It was now clear that I would need some type of double-sided adhesive to attach the velvet securely to the belt-cleaner handle, so off to the tape section I went. I found 1.5"-wide two-sided carpet tape for less than two bucks a roll. I was done.

Assembling the brush is easy. Cut a length of velvet ribbon about 5.5" long. This will allow you about 3/4" overlap at each end. Do the same with your double-sided tape and apply it to the belt cleaner so that you have 3/4" up one end, cover the entire running length of the bottom, and then have 3/4" up the other end. Once the tape is securely positioned where it belongs, peel the backing away and CAREFULLY align the velvet ribbon to cover the carpet tape. Next, apply two thumbtacks per end, pushed through the velvet overlap on each end of the handle, to secure the velvet tape to the handle.

In my first attempt, I had used just enough velvet ribbon to exactly cover the length of the bottom of the handle and counted on the carpet tape alone to keep it secure. It only took a few applications to discover that the fluid had weakened the adhesive properties of the tape enough for the velvet to start to peel away. The thumbtacks through the two ends of the slightly longer velvet pad keep it in place quite nicely. I’ve been using my improved brush for about three weeks now without mishap. I think we’re ready to move on.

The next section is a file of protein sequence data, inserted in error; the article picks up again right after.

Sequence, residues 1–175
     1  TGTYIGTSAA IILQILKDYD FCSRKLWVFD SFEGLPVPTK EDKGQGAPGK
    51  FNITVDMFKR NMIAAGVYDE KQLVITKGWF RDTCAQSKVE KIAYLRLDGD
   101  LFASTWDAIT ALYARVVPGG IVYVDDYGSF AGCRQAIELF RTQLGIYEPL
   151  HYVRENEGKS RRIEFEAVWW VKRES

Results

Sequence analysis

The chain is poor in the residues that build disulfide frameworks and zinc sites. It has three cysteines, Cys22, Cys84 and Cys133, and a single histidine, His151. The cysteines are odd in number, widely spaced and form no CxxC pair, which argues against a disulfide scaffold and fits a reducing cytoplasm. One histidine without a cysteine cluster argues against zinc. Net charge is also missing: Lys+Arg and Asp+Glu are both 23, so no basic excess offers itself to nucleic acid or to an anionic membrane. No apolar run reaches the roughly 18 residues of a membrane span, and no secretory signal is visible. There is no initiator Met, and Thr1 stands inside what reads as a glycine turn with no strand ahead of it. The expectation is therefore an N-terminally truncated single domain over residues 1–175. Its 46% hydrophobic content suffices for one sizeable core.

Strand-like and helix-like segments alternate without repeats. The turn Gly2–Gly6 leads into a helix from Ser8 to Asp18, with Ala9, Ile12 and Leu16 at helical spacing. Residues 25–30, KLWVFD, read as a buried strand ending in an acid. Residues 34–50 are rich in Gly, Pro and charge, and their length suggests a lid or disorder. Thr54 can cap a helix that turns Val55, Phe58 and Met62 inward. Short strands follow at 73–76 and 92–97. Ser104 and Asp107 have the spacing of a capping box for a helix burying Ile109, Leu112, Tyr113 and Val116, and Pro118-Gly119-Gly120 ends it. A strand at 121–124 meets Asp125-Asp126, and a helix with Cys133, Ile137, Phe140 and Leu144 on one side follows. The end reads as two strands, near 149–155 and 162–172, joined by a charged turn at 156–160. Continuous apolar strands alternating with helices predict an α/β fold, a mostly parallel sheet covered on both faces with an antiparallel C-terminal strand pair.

All said, we are at a total cash outlay of about $25, and that includes making a brush with enough replacement pads for the next decade. Replenishing the gallon of fluid when it runs out should take only about $4 since you need only repurchase water and alcohol. You should have enough Direct left over for the next half-dozen reloads and enough Photo-Flo for the next several dozen. How’s that for meeting with the "economically challenged" criteria?

To use your new creation and budget brew, place a clean cotton towel on your work surface and lay a record out on it. Carefully squirt a fairly liberal amount of fluid on the grooved surfaces of the record. Lay the brush down over the grooves so that it spans the modulated area, from the lead-in groove at the outside edge to the run-out groove near the label. Lightly wipe all the way around the record once or twice to wet the entire surface evenly. WATCH the label. This stuff can bleach the color out of a less-than-robust label. Once the entire surface has been evenly wetted, lightly scrub back and forth (the velvet brush does the work, not your biceps) in a semi-circle around the label radially five or six times over one half of the record. When the first half is done, then move on to the second half and scrub again in exactly the same manner. You will see a light foaming action as this juice does its magic. Once you’ve thoroughly cleaned this side, dry it completely with your VPI/Nitty Gritty/Record Doctor vacuum device as you would normally, and you are then ready to hear one very clean record. Obviously, you’ll have to clean side two in the same manner, but you knew that.

I’m not prepared to say this stuff will best the Miracle Record Cleaner. For one thing, I have no idea if it fights the growth of algae and bacteria in the grooves as effectively or for as long. But one thing I can tell you with certainty is that at Casa Weaver, under the most rigorous and closely monitored testing, the sonic results of the two fluids are indistinguishable. May I have my "Champion of the Economically Challenged" coffee mug back now?

...Greg Weaver
gregw@soundstage.com